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Friday, June 24, 2022

3 deaths in US in early summer raise questions, fears

The temperature barely climbed above 32 °C and only for a few days. But the discovery of the bodies of three women inside a senior housing facility in Chicago this month has left the city searching for answers to questions that were left behind after a long and hot heat wave nearly three decades ago that killed more than 700 people. was to be addressed later.

Now, cities – and countries – are facing the reality that due to climate change, deadly heat waves can strike almost anywhere, not just in the height of summer and needing to last as long. .

“May are first getting hotter and more dangerous heat waves … and second, we’re getting older and more people are living alone,” wrote New York University sociologist Eric Kleinenberg. The Heat Wave: A Social Autopsy of the Disaster in Chicago, About the 1995 heat wave. “It’s a formula for disaster.”

The Cook County Medical Examiner’s office has yet to determine the cause of death for the three women whose bodies were found in the James Snyder apartment on May 14. But the families of the victims have already filed or are planning to file wrongful death lawsuits against those companies. Ownership and management of buildings.

The city council member, whose ward includes the neighborhood where the building is located, said she experienced a drop in temperature on campus when she visited, including a unit where heat sensors reached 39 degrees Celsius. Were.

“These are senior residents, residents with health conditions[and]they shouldn’t be in these conditions,” alderman Maria Haden said in a Facebook video shot outside the apartment.

FILE – In this June 28, 2021 file photo, a display at the Olympia Federal Savings branch shows a temperature of 107 degrees Fahrenheit, (42 degrees Celsius) in the evening in Olympia, Wash.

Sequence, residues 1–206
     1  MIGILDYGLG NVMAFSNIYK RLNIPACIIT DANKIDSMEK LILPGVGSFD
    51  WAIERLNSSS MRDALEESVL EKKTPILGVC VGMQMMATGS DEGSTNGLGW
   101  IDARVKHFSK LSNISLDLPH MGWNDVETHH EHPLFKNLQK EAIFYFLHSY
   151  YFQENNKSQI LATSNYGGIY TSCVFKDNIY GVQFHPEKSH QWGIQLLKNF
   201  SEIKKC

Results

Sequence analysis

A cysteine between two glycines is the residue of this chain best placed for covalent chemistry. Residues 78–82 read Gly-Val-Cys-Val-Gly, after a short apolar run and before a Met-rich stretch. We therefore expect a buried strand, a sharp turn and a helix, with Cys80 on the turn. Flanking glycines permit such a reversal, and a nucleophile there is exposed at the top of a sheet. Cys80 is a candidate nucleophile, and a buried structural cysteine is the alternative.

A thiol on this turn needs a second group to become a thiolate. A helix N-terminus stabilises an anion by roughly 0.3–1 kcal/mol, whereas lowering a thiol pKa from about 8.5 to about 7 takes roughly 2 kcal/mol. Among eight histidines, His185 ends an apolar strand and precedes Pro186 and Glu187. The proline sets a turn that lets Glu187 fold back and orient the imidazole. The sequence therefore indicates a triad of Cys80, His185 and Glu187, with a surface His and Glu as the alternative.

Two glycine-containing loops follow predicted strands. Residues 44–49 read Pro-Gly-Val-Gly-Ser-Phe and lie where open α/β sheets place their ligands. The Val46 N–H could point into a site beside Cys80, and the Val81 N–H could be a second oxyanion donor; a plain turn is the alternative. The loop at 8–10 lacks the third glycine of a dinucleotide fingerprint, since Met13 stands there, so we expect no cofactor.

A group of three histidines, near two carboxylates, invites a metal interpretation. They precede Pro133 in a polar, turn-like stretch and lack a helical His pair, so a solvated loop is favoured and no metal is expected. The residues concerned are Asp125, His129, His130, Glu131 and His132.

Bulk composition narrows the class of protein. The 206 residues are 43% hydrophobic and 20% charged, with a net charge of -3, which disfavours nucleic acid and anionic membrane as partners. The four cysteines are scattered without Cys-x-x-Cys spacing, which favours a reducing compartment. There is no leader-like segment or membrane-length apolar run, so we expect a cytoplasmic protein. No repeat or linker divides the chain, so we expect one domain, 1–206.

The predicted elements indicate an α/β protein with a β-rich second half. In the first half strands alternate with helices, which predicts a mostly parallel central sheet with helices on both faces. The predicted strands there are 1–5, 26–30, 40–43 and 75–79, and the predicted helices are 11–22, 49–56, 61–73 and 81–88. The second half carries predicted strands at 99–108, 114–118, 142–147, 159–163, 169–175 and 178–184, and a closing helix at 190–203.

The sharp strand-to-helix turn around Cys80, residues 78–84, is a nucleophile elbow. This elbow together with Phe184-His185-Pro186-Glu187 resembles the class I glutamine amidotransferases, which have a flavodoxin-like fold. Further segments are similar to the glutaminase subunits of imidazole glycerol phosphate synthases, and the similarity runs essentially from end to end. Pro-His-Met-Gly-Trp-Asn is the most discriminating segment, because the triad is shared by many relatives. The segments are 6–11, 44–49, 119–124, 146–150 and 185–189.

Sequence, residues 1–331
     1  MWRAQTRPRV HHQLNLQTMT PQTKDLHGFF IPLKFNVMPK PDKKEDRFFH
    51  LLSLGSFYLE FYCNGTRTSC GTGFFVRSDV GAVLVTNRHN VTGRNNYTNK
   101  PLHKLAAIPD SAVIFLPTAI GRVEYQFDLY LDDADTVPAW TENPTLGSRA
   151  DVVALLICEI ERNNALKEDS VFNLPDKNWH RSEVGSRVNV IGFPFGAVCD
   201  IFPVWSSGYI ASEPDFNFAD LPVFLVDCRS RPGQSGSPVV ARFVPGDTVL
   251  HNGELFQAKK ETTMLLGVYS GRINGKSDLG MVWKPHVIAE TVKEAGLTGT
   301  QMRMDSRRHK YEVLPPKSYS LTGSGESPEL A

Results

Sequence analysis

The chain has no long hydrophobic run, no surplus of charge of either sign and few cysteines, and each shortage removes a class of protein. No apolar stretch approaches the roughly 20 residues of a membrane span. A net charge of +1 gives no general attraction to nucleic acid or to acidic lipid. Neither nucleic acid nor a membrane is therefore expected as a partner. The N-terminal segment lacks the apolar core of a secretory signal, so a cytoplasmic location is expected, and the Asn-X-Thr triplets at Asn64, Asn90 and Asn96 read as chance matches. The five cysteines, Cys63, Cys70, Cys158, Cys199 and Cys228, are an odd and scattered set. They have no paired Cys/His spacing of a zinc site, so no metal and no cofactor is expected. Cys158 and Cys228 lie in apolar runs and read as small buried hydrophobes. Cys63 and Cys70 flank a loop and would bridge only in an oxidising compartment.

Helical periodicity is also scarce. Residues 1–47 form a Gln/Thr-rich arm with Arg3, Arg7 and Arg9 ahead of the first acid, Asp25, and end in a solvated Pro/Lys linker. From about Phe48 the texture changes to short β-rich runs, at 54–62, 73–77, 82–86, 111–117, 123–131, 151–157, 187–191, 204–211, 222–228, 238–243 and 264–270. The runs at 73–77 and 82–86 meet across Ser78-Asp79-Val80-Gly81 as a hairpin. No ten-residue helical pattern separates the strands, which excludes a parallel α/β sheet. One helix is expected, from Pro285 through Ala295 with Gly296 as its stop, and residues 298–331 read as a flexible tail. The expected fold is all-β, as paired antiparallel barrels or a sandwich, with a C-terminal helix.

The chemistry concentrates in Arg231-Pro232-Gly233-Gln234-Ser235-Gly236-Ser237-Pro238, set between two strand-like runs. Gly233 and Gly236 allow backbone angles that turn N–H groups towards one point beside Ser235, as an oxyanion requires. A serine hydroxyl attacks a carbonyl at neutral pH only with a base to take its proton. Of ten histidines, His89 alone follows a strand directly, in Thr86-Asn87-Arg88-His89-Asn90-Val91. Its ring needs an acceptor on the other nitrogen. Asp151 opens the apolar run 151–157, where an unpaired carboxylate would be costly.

Experts say part of the problem is that communities across the country are still learning how deadly the heat can be. This followed Chicago’s 1995 heat wave with refrigerated trucks filled with bodies to send the message that the city was not prepared for a silent and invisible disaster that killed more than twice as many people as the Great Chicago Fire of 1871. Took life

That realization led to a system in which city workers convened the elderly and vulnerable and turned city buildings into 24-hour cooling centers when temperatures became oppressive.

What happened this month is a reminder that safety measures in place to ensure people don’t starve to death because they haven’t paid their heating bills are often present to protect people from the heat in their homes. are not.

“We don’t have anything for air conditioning,” Hayden said.

One expert is not surprised.

Gregory Velenius, a professor of environmental health at Boston University who studies heat-related deaths, said: “We recognize that people need heating in cold weather and programs, financial support are needed to enable it. Establishment is done, but we don’t do that.” “But subsidies for cooling are really controversial (because) cooling is seen as a luxury item for many people.”